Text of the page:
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Navroz Mubarak: Celebrate Parsi New Year with traditional Parsi recipes

There's nothing quite like a splendid Navroz meal or Parsi bhonu. This feast menu by Shubhra Gupta is sure to impress your guests.

Reading Time: 4 minutes

The Parsi, followers of the prophet Zoroaster, originally came from Persia. Fleeing religious persecution in their native Persia, they settled along the Sanjan coast in Gujarat in the eighth century AD.

It is hardly surprising then, that Parsi food is a delicious blend of West Indian and Iranian cuisine. Parsis prefer non-vegetarian dishes mainly consisting of fish, meat and chicken, and like to use dried fruits liberally. Vegetables are included in the meat dishes, but there are few solely vegetable dishes. The cuisine can be spicy, but it is rarely chilli-hot.

parsi dishes

Menu

Entree: Mutton Potato chops served with chilli chutney

Main Course: Gosht Dhansak, Prawns Patia, Patrani Machi, Brown Rice, Rice

Accompaniments: Onion Cachumber

Dessert: Baked Custard

Drinks: Choice of soft drinks (juices, rooh afza, lemonade etc.)

mutton cutlets

Mutton Potato Chops
1kg potatoes, peeled
1 tbsp mint leaves, chopped
3 spring onions, chopped fine
1⁄2 tsp cumin powder
1 egg , beaten
Bread crumbs for coating
Oil for frying
Salt to taste.

For the mutton filling:
400 gms lamb mince
1 potato, peeled and diced
1 clove garlic, finely chopped
1⁄2 tsp ginger, finely chopped
2 onions finely chopped
1 tsp garam masala,
3 tsps curry powder

dhansak brown rice

Dhansak Rice
4 cups basmati rice
2 tbsps vegetable oil
1 large onion, sliced
1 tbsp sugar
6 cloves
6 star anise
4 bay leaves
5 cm piece of cinnamon stick
1 tbsp dhansak masala
2 tsps cumin seeds
Salt to taste.

Wash the rice and soak it in water for 30 minutes. Heat the oil in a large flameproof casserole with a tight-fitting lid. Add the onion and fry until light brown, then stir in the sugar and continue frying until the sugar caramalizes and the onion turns very dark brown.
Quickly stir in the cloves, star anise, bay leaves, cinnamon, dhansak masala and cumin seeds. Add the drained rice and stir-fry for a minute. Add salt and enough water to come 2.5cm above the surface of the rice. Bring to the boil and cook in an oven preheated to 220 C for about 20 minutes until the rice is completely cooked and tender.

Prawn Patia
Both the Iranians and the Parsis make this dish, a sweet and hot curry, which is served on auspicious family occasions. This is the Iranian version which is slightly spicier and hotter than the Parsi one.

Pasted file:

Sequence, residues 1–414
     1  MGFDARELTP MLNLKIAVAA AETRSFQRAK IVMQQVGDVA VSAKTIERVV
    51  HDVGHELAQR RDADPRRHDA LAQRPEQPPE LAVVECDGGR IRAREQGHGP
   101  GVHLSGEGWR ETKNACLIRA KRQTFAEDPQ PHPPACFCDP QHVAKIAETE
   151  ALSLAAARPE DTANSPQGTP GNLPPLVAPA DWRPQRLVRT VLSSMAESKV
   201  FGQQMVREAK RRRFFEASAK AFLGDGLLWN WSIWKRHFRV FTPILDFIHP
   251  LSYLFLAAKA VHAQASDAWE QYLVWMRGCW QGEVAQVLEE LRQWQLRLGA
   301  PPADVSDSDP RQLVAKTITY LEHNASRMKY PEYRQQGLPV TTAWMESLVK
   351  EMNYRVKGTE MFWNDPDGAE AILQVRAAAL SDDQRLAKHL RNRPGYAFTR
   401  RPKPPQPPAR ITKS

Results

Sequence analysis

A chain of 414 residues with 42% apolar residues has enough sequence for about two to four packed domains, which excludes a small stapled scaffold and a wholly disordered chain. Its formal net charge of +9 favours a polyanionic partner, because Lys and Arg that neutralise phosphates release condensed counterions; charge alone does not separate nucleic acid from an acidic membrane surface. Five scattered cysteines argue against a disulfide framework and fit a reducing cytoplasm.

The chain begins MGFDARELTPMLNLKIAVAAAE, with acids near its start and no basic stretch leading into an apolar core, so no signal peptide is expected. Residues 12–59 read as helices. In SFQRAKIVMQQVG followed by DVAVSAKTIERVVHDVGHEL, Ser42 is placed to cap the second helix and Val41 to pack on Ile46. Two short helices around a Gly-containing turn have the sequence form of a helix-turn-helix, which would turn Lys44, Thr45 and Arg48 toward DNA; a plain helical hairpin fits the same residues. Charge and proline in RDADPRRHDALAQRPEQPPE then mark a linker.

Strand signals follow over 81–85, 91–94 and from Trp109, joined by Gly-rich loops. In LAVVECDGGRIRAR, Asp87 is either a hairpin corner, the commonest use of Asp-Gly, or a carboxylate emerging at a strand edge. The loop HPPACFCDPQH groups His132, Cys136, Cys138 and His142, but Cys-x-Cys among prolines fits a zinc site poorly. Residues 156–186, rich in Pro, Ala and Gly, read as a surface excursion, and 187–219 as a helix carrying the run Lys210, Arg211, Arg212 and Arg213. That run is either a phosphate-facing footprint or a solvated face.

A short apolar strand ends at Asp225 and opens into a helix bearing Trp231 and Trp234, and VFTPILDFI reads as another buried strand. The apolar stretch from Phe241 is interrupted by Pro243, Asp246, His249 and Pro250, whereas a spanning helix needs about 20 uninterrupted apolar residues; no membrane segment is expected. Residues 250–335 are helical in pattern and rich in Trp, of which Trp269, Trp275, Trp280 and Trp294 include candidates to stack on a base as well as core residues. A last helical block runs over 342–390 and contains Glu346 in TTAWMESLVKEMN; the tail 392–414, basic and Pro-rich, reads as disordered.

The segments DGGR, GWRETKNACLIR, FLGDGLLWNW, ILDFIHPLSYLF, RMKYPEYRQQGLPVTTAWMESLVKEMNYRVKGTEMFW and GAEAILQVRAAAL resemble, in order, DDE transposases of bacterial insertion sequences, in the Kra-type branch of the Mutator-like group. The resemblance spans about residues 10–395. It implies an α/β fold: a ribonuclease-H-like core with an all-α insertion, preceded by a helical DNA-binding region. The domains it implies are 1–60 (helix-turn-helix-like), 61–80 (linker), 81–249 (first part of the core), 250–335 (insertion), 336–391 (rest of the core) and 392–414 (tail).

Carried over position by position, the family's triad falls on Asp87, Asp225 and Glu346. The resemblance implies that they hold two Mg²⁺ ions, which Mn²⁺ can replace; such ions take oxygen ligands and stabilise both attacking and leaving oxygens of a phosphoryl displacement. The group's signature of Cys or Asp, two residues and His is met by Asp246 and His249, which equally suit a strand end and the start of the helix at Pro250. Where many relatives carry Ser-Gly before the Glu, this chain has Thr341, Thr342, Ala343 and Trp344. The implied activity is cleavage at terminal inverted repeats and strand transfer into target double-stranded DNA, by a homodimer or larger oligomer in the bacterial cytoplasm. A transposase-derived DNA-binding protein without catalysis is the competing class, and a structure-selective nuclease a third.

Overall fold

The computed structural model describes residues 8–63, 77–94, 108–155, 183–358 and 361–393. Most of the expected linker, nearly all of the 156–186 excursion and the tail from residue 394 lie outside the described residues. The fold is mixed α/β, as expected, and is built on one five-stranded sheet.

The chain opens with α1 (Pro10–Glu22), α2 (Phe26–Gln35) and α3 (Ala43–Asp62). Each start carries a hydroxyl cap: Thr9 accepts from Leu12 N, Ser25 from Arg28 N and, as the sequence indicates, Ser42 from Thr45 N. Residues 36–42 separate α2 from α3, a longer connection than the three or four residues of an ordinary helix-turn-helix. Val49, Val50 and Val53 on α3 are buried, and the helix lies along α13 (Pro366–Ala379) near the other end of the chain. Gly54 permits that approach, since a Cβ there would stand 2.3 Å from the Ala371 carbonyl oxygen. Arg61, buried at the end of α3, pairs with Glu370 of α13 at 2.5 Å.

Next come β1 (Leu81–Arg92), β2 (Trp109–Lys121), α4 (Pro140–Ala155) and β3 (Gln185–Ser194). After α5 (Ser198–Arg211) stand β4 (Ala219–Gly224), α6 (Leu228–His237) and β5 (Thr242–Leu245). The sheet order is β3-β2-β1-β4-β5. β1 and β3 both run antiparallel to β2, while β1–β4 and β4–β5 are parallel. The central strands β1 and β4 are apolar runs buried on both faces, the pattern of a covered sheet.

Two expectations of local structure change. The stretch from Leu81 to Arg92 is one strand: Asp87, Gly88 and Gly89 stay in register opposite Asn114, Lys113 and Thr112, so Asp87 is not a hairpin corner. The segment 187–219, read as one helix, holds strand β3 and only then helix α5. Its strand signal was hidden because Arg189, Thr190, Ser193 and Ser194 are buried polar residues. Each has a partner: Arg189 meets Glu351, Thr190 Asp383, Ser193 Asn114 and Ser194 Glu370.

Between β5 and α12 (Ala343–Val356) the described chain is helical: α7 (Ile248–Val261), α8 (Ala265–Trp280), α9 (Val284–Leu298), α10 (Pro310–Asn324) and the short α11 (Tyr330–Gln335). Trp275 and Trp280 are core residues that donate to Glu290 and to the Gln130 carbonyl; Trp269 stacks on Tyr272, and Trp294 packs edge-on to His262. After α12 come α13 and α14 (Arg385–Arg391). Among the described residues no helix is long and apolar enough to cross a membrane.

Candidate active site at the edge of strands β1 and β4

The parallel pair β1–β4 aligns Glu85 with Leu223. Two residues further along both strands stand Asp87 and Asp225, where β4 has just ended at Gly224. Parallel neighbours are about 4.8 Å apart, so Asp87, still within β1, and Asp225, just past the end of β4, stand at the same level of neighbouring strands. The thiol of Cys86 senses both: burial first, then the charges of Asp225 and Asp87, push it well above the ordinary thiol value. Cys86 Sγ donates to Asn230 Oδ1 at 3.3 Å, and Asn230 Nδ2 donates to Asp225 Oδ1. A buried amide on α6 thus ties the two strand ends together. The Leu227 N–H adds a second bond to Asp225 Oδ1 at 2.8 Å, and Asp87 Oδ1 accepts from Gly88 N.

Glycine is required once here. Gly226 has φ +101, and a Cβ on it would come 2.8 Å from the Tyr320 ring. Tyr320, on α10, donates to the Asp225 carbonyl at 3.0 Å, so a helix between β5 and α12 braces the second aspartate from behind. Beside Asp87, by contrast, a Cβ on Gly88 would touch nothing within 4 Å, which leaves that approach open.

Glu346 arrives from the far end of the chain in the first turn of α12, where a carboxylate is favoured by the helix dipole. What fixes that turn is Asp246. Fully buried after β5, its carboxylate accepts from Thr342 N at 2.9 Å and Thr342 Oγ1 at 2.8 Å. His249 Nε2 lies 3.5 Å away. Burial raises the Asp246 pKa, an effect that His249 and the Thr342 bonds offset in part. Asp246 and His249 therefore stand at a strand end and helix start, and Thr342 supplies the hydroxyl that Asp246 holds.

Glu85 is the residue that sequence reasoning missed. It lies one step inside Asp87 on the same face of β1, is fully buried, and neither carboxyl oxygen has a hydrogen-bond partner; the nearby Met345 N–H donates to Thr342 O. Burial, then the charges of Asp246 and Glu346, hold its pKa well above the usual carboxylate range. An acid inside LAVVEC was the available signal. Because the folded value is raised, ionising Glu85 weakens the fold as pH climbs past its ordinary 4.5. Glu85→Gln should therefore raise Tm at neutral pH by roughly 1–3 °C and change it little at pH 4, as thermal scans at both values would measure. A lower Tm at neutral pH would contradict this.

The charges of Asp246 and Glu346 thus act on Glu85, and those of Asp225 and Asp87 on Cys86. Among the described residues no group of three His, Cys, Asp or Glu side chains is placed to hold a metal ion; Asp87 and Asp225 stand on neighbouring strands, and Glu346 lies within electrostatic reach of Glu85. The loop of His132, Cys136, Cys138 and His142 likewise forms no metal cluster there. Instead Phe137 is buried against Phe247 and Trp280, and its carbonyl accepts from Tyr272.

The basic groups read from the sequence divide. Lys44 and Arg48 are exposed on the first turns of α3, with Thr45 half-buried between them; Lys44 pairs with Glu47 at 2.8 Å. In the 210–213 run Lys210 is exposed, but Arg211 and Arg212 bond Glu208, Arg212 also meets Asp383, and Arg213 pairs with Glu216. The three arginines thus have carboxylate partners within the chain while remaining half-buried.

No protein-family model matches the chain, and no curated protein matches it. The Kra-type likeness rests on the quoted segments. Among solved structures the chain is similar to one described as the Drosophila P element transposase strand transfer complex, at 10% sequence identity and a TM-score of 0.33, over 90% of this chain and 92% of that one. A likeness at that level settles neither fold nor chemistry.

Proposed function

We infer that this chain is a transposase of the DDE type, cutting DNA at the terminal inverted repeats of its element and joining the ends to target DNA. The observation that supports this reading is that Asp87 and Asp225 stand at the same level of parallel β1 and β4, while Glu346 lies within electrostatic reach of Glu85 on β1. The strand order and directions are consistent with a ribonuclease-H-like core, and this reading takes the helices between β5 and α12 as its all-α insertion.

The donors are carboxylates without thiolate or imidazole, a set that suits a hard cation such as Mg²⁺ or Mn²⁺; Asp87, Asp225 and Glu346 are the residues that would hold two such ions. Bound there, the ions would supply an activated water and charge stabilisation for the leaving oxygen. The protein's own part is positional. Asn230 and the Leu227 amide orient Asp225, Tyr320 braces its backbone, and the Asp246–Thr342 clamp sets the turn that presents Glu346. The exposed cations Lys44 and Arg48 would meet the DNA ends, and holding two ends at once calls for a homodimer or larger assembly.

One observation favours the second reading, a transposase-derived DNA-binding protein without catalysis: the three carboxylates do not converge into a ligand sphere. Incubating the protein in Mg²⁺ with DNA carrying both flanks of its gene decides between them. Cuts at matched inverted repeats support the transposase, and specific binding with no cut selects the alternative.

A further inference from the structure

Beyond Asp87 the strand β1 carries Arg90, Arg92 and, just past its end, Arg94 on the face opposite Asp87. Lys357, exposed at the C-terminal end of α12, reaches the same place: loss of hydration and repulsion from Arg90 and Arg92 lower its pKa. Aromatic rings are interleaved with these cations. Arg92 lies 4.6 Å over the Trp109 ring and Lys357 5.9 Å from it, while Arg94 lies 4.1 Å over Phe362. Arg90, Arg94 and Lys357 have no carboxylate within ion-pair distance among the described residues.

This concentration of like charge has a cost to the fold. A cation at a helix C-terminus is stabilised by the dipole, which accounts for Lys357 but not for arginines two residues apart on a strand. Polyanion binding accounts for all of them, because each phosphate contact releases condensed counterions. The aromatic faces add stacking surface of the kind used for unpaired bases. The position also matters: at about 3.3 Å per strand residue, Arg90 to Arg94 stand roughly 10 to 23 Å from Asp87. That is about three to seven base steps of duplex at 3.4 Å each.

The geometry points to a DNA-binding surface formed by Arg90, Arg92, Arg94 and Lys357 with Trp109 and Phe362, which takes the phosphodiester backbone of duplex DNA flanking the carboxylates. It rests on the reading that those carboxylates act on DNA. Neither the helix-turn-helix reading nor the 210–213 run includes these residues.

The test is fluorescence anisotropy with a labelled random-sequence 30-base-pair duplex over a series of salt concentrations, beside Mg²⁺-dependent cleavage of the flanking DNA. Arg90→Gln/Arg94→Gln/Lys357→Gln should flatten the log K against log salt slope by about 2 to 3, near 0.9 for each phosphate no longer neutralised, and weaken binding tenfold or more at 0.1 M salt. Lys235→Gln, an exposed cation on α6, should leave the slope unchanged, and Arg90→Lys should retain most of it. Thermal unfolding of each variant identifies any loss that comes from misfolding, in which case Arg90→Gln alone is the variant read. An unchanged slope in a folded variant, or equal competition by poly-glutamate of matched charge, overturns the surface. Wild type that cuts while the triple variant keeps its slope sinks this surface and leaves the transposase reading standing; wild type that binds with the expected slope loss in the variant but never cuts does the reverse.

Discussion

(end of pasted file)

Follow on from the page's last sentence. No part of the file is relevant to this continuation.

500 gms shelled and deveined prawns
3 tsp tamarind pulp
6 green chillies, chopped
5 garlic cloves
1 tsp cumin seeds
1⁄2 cup oil
3 large onions, finely chopped
1 tsp cumin powder
1 1⁄2 tsp coriander powder
3⁄4 tsp red chilli powder
1⁄2 tsp turmeric powder
3 medium tomatoes, chopped
2 tsp jaggery
10 curry leaves
1⁄2 cup coriander leaves
Salt to taste.

Soak the tamarind in 3⁄4 cup of water for about 30 minutes. Grind the green chillies, garlic cloves and cumin seeds to a paste. Heat the oil in a cooking pot and fry the onions until deep pink. Add the ground paste and fry for 2 minutes, stirring well. Add the cumin, coriander, red chilli, garam masala and turmeric powders. Stir constantly for a minute. Add the chopped tomatoes and fry for 4-5 minutes, stirring from time to time. Add half the tamarind water, the jaggery, curry and coriander leaves and about 1 1⁄2 tsps salt. Taste and adjust the sour, sweet and salt flavours to your taste. Add 3⁄4 cup water and bring to boil. Simmer for 5 minutes. Put in the prawns and cook till the prawns turn pink. This dish has a thick, non-runny gravy.

Read Also: Chutney Tirangi: Recipes you’ve probably never heard of

patra ni machhi

Patrani Machchi
This is a Parsi delicacy – no Parsi banquet is complete without it.

1 kg fish fillets (firm flesh fish)
90 ml malt vinegar
30 ml oil
3 lemon
Salt to taste
Banana leaves or aluminium foil to individually wrap each fillet

For the coconut chutney
100g desiccated coconut
1 cup coriander leaves, chopped
6 green chillies
2 tbsps garlic, chopped
1 tsp chilli powder
3 tbsps coriander seeds
2 tbsps cumin seeds
4 tbsps lemon juice
Salt to taste
2 tbsps sugar.

Wash and pat dry the fillets and cut each fillet into two. Make horizontal slits in the fillets to create pockets. Sprinkle vinegar and salt, marinate for 30 minutes. Trim, wash and wipe banana leaves or cut the foil to size in order to wrap the fish. Put all the ingredients for the coconut chutney in a blender and make a fine paste. Stuff the pockets in the fish pieces with
chutney and spread the rest on both sides. Apply oil on banana leaves or foil and wrap each piece separately. Steam the fish in a steamer for 30 minutes. Unwrap the fish, arrange on a platter and serve with lemon wedges.

onion cachumber

Onion Cachumber
2 onions
1/8 tsp paprika
Lime juice to taste
Salt to taste.
Slice the onions very finely. Season with paprika, lime juice and salt.

parsi baked custard

Baked Custard
This is a typical Parsi sweet dish served at most Parsi weddings.

1 litre full cream milk
250 gms sugar
4 eggs, beaten
6 green cardamoms, shelled
1⁄4 tsp nutmeg, grated
1 tbsp rose water
2 tbsps almond flakes
1 tsp vanilla essence.

Boil the milk with sugar and reduce it to half the quantity and cool. Add the rest of the ingredients and mix well and pour it into a pyrex dish large enough for it to rise. Bake in an oven at 180 C for 45 minutes to an hour until the top is brown. Cool and refrigerate. Serve it cold with vanilla ice-cream.

Read Also: Indulgent chocolaty goodness

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